By Laura Zuber
Impunity Watch Reporter, Middle East
MANAMA, Bahrain – On December 17, police and protestors clashed during a demonstration marking ten years since the death of a leading Shiite activist. The demonstration, organized by the opposition parties, sought compensation for claimed human rights violations which occurred the 1980s and 1990s, when the opposition protested perceived discrimination against Shiites. During the December 17 demonstration, the police used teargas and later, a demonstrator, Ali Jassem, died as a result of inhaling teargas. However, a statement from the Interior Ministry claimed that an official medical examination concluded that Jassem died as a result of a sudden drop in blood pressure.
Jassem’s death spurred several days of riots and clashes with the police; including burning tires, blocked roads, and destruction of police vehicles. The largest demonstration occurred on December 20, following a clash between the police and the mourners at Jassem’s wake. Mourners attacked a police officer in Jedhafs village. Riot police responded by entering the village. According to a witness, the police began firing indiscriminately on the mourners with rubber bullets and teargas.
Then, 500 men gathered and began destroying public and private property. The spokesman for the Islamist Haq Movement for Liberty and Democracy opposition party, Abdul-Jalil al-Singace, said that Jassem’s death could lead to new protests and mass demonstrations similar to those that occurred during the 1990s, which resulted in 40 deaths.
Following the demonstration in Jedhafs, the police conducted sweeps of mainly Shiite villages and arrested close to 40 individuals. Witnesses state that people were beaten and abused by the police during these arrests. The Haq Movement for Liberty and Democracy issued a statement which claimed at least three people were hospitalized. The Interior Ministry confirmed that arrests took place but would not disclose the number of people arrested. The ministry also stated that the arrests are not politically motivated, but instead related to charges of arson, destruction of police cars and stealing police weapons. A statement from the ministry to the official state news agency said that the charges are “criminal and they are not political activists.”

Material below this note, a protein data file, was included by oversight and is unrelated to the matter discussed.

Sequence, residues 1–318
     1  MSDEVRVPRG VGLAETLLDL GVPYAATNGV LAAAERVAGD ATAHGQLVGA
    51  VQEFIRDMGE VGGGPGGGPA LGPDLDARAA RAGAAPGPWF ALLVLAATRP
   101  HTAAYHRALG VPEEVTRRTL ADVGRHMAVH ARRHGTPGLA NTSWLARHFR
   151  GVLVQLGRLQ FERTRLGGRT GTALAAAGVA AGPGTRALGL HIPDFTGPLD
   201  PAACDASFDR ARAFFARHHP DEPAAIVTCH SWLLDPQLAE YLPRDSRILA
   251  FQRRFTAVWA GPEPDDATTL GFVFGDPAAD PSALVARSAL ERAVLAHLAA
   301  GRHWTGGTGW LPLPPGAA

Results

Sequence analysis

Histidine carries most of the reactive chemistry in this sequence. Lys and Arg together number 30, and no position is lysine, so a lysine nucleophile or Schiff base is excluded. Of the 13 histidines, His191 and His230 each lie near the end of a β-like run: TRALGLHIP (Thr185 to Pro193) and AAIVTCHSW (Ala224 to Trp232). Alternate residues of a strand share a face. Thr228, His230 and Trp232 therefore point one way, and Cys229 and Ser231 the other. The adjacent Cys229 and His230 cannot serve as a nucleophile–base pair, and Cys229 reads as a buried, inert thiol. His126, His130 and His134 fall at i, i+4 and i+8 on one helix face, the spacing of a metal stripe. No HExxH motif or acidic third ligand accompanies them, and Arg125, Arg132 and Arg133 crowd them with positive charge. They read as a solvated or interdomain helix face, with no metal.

New protests occurred during the following days. Hundreds of family members of those arrested staged a sit in outside the police stations in the villages of Bani Jamara and Malkiya. Riot police were present at both locations, and the protest in Malkiya became violent. Later, on December 25, family members arrived at the public prosecution office in Manama with clothes that the government requested for the detainees but refused to hand them over or leave unless they saw their relatives. Opposition parties and rights groups claim that the government officials denied the request and riot police forced the family members out of the office. However, Interior Ministry spokesman, Mohammed bin Daina, denied the event occurred and stated that the office was evacuated in order to prevent chaos.
Family members and opposition parties claim that the government is refusing to allow anyone to see the detainees, even legal counsel. Harez Harez, a lawyer for some of the accused, told the Associated Press that the government “violated legal procedure by banning lawyers from meeting with the suspects and attending the interrogation sessions.” He also stated that, from his conversations with government officials, 28 individuals were detained.
Bahrain, a parliamentary monarchy, is ruled by a Sunni family. However, 70 percent of its population is Shia. Resentment within the Shia majority stems from high unemployment rates and the government’s policy of naturalizing Sunnis from Iraq, Syria, and Yemen and granting the immigrants jobs which otherwise would go to Shiites. Rights activist Abdul-Nabi al-Ekri stated, “the government has created a volatile situation by accelerating naturalization of foreigners with the aim of changing Bahrain’s demography and this exacerbated frustrations among different sections of society.”
For more information, please see:
AFP – Bahrain MPs Denounce Clashes in Shiite Areas – 25 December 2007
International Herald Tribune – Bahraini Police Scuffle with Relatives of Detained Shiites – 25 December 2007
YouTube – Shia in Bahrain – 25 December 2007
Al Jazeera – Bahrain Protests Lead to Arrests – 24 December 2007
Gulf Times – Disturbances Hit Bahrain Areas for Fifth Day: Reports – 24 December 2007
BBC – Bahrain Rocked by Days of Clashes – 23 December 2007
Reuters – Bahrain Arrests 40 After Week-Long Protests – 23 December 2007
Guardian – Violent Clashes Erupt in Bahrain – 22 December 2007
International Herald Tribune – Bahraini Police Stage Security Sweeps Following Clashes – 22 December 2007
International Herald Tribune – Violent Clashes Erupt in Bahraini Capital – 21 December 2007
Al Jazeera – Mourners Clash with Bahrain Police – 20 December 2007
Associated Press – Bahraini Shiites Clash with Riot Police – 18 December 2007